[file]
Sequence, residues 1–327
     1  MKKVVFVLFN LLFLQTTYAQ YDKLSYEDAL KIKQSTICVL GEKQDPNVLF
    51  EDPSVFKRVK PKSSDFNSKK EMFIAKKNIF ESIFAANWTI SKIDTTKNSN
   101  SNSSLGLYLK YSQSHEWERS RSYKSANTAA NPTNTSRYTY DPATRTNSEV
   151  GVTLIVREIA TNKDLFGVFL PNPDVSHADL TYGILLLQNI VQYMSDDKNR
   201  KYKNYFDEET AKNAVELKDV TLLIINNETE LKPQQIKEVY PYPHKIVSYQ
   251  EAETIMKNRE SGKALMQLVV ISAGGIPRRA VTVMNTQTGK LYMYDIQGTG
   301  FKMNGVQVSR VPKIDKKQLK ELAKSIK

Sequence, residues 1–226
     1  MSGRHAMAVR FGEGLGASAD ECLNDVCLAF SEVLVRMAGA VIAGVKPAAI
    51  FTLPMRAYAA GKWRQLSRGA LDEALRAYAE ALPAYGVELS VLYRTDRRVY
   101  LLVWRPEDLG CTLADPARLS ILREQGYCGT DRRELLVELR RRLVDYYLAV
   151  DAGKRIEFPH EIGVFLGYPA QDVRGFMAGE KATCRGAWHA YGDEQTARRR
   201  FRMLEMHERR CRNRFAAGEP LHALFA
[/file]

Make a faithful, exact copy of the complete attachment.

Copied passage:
Sequence, residues 1–327
     1  MKKVVFVLFN LLFLQTTYAQ YDKLSYEDAL KIKQSTICVL GEKQDPNVLF
    51  EDPSVFKRVK PKSSDFNSKK EMFIAKKNIF ESIFAANWTI SKIDTTKNSN
   101  SNSSLGLYLK YSQSHEWERS RSYKSANTAA NPTNTSRYTY DPATRTNSEV
   151  GVTLIVREIA TNKDLFGVFL PNPDVSHADL TYGILLLQNI VQYMSDDKNR
   201  KYKNYFDEET AKNAVELKDV TLLIINNETE LKPQQIKEVY PYPHKIVSYQ
   251  EAETIMKNRE SGKALMQLVV ISAGGIPRRA VTVMNTQTGK LYMYDIQGTG
   301  FKMNGVQVSR VPKIDKKQLK ELAKSIK

Sequence, residues 1–226
     1  MSGRHAMAVR FGEGLGASAD ECLNDVCLAF SEVLVRMAGA VIAGVKPAAI
    51  FTLPMRAYAA GKWRQLSRGA LDEALRAYAE ALPAYGVELS VLYRTDRRVY
   101  LLVWRPEDLG CTLADPARLS ILREQGYCGT DRRELLVELR RRLVDYYLAV
   151  DAGKRIEFPH EIGVFLGYPA QDVRGFMAGE KATCRGAWHA YGDEQTARRR
   201  FRMLEMHERR CRNRFAAGEP LHALFA